untill it arrived in a most depraved Copy at the Press. He that shall peruse that work, and shall take notice of sundry particularities and personal expressions therein, will easily discern the intention was not publick; and, being a private Exercise directed to my self, what is delivered therein, was rather a memorial unto me, than an Example or Rule unto any other; and therefore, if there be any singularity therein correspondent unto the private conceptions of any man, it doth not advantage them; or if dissentaneous thereunto, it no way overthrows them. It was penned in such a place, and with such disadvantage, that, (I protest,) from the first setting of pen unto paper, I had not the assistance of any good Book whereby to promote my invention or relieve my memory; and therefore there might be many real lapses therein, which others might take notice of, and more than I suspected my self. It was set down many years past, and was the sense of my conceptions at that time, not an immutable Law unto my advancing judgement at all times; and therefore there might be many things therein plausible unto my passed apprehension, which are not agreeable unto my present self. There are many things delivered Rhetorically, many expressions therein meerly Tropical, and as they best illustrate my intention ; and therefore also there are many things to be taken in a soft and flexible sense, and not to be called unto the rigid test of Reason. Lastly, all that is contained therein is in submission unto maturer discernments; and, as I have declared, shall no further father them than the best and learned judgments shall authorize them : under favour of which considerations I have made its secrecy publick, and committed the truth thereof to every Ingenuous Reader.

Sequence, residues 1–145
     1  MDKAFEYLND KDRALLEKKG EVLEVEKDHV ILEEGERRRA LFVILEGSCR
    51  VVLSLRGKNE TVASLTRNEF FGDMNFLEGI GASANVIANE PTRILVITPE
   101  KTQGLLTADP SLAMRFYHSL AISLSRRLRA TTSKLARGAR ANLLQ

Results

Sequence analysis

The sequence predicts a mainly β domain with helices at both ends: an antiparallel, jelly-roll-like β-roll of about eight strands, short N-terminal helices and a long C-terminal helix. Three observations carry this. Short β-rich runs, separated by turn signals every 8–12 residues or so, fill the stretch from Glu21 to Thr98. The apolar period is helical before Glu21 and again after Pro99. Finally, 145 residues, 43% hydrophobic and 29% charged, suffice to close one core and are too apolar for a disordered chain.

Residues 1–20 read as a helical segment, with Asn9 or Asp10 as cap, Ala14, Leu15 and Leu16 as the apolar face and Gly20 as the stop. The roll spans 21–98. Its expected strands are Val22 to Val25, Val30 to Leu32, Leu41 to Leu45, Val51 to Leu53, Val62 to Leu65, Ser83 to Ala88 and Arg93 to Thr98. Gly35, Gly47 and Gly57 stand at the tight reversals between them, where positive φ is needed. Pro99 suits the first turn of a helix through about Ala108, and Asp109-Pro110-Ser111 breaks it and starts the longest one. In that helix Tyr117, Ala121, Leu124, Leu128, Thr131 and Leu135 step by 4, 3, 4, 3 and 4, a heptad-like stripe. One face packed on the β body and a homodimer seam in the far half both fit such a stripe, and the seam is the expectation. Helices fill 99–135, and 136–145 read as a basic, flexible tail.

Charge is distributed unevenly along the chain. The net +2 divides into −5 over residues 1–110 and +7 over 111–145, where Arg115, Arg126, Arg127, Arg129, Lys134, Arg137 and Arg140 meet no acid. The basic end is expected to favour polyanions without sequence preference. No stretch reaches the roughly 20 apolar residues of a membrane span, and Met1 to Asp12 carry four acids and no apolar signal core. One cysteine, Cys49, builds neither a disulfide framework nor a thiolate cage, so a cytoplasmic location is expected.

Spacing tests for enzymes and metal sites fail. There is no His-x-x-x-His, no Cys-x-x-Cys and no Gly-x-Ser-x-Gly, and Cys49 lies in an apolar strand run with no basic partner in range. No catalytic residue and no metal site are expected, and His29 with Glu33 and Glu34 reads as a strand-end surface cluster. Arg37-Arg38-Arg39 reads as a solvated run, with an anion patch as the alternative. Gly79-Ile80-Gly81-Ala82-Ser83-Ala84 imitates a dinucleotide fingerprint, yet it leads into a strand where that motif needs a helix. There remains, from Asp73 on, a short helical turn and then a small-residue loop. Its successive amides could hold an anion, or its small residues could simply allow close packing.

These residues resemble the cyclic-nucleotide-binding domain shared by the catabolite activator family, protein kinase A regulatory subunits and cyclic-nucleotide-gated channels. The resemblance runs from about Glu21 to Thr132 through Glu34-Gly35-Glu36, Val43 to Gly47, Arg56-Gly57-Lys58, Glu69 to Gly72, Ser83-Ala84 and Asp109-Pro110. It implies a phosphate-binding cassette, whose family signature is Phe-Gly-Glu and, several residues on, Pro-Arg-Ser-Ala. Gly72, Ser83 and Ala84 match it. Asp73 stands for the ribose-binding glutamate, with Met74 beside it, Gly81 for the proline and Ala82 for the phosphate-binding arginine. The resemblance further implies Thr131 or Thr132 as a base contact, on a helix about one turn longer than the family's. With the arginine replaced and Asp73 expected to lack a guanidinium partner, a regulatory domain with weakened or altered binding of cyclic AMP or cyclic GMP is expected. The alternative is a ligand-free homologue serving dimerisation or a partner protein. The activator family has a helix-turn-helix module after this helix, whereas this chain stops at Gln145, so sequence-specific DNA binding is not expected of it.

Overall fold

THE FIRST PART